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SOURCE Bayer HealthCare LLC Animal Health
University of Missouri student named 2014 National Winner of the Bayer Excellence in Communication Award
SHAWNEE, Kan., May 15, 2014 /PRNewswire/ -- Bayer HealthCare LLC Animal Health today announced that Katherine Nadolny, a senior at the University of Missouri's College of Veterinary Medicine, is the national winner of the second annual Bayer Excellence in Communication Award (BECA). Incorporating effective communication skills in veterinary practice, as well as other medical professions, has long been recognized as one of the main tasks in delivering comprehensive medical care to clients. BECA, established to recognize effective communication in the veterinary profession, rewards veterinary students who are executing this critical core skill that needs to be taught and learned to the same degree as other clinical skills. Twenty-seven veterinary schools participated in the 2014 competition that presented a total of $70,000 in scholarship awards.
The competition challenged students to submit a filmed interview in a clinical setting between the veterinary student and a client. Entries submitted at each school were evaluated by a panel of faculty judges. Faculty selected their school's local winner using a scorecard developed by nationally-renowned veterinary faculty who specialize in communication. Each regional level winner received a $2,500 scholarship.
Sixteen schools submitted the video of their school-level winner to compete for the additional $2,500 national scholarship award. In her submission, Nadolny, recipient of the national scholarship, outscored the competition with strong core communication skills, including effective use of open-ended questions, empathy and reflective listening in a clinical setting.
"The University of Missouri would like to thank Bayer, located within the Animal Health Corridor, for supporting this vital communication skill-building program, which is helping veterinary schools shape future veterinarians," said Dr. Neil C. Olson, dean, University of Missouri College of Veterinary Medicine. "We are ecstatic that one of our own Mizzou Tigers, Katherine Nadolny, has received this coveted award and scholarship. She is an exemplary student whose future in veterinary medicine looks bright."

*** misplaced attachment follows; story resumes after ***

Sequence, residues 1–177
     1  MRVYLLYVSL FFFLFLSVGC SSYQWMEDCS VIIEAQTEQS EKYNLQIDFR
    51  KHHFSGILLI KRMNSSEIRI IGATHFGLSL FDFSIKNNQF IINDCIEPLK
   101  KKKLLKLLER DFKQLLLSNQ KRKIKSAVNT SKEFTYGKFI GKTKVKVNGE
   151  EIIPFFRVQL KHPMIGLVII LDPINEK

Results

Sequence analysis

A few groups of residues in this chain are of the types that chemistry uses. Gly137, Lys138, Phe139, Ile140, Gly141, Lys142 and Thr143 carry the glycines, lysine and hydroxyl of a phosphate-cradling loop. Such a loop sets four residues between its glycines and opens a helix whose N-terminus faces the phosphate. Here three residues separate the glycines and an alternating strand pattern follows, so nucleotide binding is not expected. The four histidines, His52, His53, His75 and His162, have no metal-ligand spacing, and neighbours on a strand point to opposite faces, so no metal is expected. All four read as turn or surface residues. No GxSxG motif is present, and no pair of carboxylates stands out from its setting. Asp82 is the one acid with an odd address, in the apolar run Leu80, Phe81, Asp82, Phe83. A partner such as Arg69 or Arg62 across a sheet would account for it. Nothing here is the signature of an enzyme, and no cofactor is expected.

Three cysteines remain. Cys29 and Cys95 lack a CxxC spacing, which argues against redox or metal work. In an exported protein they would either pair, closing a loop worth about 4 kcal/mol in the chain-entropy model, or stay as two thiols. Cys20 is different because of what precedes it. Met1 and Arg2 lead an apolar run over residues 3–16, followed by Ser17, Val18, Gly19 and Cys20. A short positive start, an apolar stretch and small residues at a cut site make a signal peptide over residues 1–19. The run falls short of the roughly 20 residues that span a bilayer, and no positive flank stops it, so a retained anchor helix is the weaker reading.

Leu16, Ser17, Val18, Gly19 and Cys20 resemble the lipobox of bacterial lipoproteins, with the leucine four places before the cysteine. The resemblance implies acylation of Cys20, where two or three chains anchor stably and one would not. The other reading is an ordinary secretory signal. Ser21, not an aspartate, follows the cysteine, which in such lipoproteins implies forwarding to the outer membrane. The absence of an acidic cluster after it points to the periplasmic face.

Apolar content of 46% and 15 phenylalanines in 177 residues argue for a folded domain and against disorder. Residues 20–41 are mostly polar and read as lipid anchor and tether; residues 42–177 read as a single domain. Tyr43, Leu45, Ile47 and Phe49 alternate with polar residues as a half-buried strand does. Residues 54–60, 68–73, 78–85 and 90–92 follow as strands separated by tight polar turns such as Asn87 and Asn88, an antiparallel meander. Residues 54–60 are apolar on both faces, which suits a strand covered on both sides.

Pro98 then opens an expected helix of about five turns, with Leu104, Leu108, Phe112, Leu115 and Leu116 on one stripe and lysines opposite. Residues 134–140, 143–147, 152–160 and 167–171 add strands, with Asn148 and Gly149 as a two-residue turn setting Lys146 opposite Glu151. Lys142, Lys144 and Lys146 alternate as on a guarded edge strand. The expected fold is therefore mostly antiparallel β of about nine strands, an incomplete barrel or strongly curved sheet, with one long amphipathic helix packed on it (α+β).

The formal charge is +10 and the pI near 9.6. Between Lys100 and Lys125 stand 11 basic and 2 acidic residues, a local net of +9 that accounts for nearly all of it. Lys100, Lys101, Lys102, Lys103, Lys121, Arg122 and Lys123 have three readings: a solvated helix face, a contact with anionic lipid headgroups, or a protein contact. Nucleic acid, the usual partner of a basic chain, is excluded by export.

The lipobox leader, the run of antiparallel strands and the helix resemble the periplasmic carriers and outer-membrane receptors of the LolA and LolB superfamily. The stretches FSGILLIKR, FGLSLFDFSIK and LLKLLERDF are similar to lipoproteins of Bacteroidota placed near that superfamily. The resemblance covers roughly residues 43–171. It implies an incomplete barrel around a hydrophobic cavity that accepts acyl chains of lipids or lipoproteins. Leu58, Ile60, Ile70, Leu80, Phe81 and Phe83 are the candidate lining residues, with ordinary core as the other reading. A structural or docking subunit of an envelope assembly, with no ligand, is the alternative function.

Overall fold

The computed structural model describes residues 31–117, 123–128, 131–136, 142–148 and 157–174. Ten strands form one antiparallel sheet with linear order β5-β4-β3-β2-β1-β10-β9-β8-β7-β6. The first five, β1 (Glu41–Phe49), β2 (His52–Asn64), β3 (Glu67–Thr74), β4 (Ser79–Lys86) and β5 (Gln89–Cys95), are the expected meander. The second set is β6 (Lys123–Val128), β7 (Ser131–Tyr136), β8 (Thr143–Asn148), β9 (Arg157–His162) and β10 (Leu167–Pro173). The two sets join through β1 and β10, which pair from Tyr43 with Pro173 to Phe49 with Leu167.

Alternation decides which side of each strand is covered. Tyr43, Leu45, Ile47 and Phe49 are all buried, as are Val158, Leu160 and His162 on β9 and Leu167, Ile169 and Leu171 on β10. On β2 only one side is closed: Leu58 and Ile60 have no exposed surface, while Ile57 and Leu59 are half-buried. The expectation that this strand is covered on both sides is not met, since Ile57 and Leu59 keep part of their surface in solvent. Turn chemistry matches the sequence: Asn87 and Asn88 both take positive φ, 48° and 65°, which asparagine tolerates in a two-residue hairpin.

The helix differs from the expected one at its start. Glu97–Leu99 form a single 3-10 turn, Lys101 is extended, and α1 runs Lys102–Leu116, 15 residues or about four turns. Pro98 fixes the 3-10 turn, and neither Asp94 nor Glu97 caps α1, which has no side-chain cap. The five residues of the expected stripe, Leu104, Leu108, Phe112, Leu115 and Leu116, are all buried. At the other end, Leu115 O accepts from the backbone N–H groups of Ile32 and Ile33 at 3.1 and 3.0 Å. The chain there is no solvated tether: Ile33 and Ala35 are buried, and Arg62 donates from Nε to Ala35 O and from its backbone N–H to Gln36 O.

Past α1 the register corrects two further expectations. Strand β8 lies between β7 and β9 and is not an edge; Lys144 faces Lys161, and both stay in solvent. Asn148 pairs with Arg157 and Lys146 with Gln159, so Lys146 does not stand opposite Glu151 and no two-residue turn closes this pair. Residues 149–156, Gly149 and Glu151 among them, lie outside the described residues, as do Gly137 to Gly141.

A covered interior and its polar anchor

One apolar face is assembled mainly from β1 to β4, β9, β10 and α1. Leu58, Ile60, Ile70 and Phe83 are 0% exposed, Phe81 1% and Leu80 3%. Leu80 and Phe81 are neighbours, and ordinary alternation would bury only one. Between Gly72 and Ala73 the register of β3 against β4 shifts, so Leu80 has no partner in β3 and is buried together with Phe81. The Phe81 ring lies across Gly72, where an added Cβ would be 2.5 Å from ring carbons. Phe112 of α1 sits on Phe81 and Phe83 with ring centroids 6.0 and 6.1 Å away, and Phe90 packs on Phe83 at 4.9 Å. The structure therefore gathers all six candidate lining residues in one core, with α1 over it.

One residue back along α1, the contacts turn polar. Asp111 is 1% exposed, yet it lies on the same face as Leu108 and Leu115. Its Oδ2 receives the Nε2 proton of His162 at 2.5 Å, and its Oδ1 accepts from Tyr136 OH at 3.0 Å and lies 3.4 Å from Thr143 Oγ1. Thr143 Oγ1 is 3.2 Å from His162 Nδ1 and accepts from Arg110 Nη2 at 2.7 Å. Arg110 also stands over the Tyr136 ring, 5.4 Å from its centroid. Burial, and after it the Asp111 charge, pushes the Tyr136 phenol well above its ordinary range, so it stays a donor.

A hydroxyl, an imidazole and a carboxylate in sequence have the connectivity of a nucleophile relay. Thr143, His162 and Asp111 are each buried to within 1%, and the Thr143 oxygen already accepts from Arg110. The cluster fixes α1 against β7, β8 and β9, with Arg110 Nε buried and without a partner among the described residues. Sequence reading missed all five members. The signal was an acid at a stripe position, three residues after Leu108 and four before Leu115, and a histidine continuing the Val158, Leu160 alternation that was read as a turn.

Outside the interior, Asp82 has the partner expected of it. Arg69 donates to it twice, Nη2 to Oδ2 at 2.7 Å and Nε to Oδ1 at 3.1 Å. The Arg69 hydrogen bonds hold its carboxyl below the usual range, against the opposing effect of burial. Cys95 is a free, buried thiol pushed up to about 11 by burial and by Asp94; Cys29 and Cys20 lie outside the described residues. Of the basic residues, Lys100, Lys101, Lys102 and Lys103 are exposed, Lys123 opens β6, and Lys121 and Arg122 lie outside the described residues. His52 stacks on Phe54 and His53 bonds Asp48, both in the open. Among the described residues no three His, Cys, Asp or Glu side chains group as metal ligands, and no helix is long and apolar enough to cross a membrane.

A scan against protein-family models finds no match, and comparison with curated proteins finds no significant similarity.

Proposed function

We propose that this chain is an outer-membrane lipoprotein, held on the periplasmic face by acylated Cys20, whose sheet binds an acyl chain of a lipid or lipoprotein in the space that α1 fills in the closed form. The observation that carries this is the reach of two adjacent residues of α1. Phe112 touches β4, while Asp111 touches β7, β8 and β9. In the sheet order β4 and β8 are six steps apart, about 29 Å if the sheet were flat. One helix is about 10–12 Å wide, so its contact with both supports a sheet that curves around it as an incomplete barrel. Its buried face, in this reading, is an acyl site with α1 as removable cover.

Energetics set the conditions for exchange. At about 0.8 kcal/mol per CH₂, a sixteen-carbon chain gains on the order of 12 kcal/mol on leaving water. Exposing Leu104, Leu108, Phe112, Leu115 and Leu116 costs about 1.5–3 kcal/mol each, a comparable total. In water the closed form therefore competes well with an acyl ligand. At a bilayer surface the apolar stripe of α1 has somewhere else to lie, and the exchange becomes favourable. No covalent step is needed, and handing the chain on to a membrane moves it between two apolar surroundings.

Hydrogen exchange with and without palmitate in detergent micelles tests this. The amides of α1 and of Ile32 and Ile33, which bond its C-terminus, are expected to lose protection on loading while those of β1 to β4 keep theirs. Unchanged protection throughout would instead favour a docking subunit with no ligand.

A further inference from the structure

"It is especially gratifying to witness the enthusiasm shown by veterinary students who competed in the 2014 Bayer Excellence in Communication Award," said Ian Spinks, president and general manager, Bayer HealthCare Animal Health, North America. "We commend Katherine and the 26 other school-level winners. Their grasp of the importance of communication in the veterinary clinical setting is inspiring and increasingly critical to the future of the veterinary industry."
"The Bayer Excellence in Communication Award fits in seamlessly with the University of Missouri's curriculum, which emphasizes the importance of effective communication in a clinical setting," said Nadolny. "This experience has reinforced my commitment to build upon my communication skills as I look to graduation and entry into the veterinary profession. I want to thank everyone at Bayer for their continued support of the veterinarian community and I encourage all students to practice open communications with their clients."